Failure to Comply Results in Harsh Penalties
Every business fears facing non-deductible IRS-imposed penalties – especially when penalties are unexpected. If a large employer fails to comply, the greater of the following two penalties can be expected.
The first is a $3,000 penalty per employee assessed on the entire workforce, less the first thirty employees, caused for a failure to provide insurance to 95% of full-time employees. The second is a $2,000 penalty per employee, assessed on only the employees who receive assistance through the federal exchange, caused by a failure to provide either affordable coverage or cover the 60% of the essential health benefits. The mere fact that the employer does not comply does not trigger either of the penalties. The penalties are only triggered when an employee receives insurance through the exchange due to either the employer not offering insurance or the insurance not being affordable or provide minimum coverage.
Other Key Obamacare Changes
In addition to the employer mandate, the out-of-pocket cost limitation for individual consumers has been delayed. Originally set to take place in 2014, the total out-of-pocket expense for doctor visits and prescription drug coverage, including deductibles and co-payments, was set at $6,350 for individuals and $12,700 for a family. Now, insurance companies can charge up to $6,350 for doctor and hospital visits and an additional $6,350 for prescription drug coverage. Even worse, if your prescription drug coverage didn’t previously have an out-of-pocket limitation it doesn’t have to impose one for 2014. What caused this delay? Federal officials state that many insurance companies and employers who self-insure need additional time to synchronize the information contained in the separate companies that administer the doctor and hospital coverage and prescription drug coverage.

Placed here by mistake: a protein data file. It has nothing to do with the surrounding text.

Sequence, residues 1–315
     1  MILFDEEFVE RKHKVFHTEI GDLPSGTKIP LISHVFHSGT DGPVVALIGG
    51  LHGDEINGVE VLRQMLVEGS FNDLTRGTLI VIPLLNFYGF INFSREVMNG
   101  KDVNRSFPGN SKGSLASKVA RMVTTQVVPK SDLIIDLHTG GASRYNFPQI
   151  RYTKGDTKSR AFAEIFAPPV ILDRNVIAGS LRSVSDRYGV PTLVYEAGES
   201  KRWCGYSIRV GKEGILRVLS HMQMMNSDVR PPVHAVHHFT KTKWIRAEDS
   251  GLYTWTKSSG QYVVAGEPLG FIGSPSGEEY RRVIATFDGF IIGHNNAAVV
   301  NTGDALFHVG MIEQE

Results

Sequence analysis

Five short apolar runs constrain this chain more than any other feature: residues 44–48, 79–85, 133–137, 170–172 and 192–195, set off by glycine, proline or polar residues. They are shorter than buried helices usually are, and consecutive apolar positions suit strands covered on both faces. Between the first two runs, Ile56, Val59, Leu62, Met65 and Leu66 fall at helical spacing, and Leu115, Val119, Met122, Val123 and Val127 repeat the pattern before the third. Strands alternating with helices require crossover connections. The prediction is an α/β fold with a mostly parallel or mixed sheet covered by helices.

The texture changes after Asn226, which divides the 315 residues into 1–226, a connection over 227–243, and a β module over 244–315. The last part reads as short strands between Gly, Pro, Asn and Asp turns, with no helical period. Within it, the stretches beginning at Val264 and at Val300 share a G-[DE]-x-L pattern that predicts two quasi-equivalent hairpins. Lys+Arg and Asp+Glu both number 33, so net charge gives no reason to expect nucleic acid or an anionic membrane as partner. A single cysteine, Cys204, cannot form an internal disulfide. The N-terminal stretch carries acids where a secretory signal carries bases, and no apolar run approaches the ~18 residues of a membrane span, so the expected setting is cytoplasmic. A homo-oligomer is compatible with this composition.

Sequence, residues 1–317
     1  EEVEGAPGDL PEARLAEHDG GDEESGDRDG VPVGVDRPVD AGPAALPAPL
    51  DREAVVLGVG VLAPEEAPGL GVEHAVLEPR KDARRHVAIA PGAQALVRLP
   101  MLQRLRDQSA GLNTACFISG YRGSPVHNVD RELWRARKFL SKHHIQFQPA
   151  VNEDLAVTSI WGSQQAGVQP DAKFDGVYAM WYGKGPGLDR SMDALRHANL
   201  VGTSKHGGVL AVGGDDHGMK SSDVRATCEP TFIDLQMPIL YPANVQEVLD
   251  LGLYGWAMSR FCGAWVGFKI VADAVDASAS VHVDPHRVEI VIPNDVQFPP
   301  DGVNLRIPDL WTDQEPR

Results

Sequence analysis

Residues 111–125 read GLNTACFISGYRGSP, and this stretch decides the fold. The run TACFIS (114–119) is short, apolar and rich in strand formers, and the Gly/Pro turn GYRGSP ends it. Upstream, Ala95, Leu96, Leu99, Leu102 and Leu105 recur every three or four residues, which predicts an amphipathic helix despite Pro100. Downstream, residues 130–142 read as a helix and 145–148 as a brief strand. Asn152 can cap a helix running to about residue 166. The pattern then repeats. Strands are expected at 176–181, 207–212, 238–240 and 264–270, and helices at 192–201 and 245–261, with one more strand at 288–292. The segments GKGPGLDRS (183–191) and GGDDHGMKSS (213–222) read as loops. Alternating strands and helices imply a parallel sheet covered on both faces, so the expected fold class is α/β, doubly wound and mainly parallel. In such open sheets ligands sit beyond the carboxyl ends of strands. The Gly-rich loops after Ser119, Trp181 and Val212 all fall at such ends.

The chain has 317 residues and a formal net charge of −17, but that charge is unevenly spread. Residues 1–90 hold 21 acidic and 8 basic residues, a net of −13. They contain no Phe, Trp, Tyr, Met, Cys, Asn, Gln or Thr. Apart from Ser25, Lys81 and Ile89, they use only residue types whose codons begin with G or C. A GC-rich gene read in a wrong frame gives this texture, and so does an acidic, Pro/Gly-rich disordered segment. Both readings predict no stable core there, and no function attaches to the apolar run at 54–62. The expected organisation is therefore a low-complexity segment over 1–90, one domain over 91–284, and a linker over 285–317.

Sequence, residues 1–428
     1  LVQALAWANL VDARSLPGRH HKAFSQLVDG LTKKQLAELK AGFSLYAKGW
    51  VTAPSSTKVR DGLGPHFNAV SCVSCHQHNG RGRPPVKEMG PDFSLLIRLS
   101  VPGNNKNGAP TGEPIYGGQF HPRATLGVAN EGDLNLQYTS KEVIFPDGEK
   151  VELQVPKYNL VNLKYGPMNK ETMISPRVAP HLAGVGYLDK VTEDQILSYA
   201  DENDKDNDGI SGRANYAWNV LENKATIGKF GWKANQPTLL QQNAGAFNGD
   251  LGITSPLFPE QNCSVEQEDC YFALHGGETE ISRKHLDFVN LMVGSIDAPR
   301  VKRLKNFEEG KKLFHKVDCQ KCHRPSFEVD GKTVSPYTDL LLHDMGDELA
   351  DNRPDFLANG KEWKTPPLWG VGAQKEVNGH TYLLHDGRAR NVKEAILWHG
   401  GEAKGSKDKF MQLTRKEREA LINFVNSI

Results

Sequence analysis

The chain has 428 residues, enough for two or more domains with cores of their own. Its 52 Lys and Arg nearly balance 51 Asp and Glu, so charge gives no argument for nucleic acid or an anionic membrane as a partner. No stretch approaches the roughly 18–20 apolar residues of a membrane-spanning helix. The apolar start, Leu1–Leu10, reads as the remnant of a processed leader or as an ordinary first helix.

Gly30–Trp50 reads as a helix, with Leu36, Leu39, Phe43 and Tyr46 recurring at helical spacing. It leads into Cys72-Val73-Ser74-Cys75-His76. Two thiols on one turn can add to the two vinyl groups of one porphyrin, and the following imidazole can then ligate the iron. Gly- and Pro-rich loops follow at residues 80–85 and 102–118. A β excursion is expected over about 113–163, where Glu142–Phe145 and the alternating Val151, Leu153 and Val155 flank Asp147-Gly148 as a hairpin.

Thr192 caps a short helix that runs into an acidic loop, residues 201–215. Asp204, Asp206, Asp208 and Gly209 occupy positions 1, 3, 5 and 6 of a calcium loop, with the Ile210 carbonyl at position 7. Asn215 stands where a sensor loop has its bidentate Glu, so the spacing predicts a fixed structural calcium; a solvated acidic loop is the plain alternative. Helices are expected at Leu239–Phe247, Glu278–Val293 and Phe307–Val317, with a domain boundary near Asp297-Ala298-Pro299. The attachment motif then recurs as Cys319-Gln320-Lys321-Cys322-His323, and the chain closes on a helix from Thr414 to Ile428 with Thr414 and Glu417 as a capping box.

What’s Not Changing
Although the employer mandate and the applicable failure-to-comply penalties are delayed until 2015, the individual mandate is set to take effect for 2014. This requires all individuals who don’t otherwise have health insurance to purchase insurance through either a state or federally run marketplace. The failure-to-comply penalties for individuals for 2014 are $95 per uninsured person or 1% of household income over the tax filing threshold increasing to $695 per uninsured or 2.5% of household income over the tax filing threshold in 2016.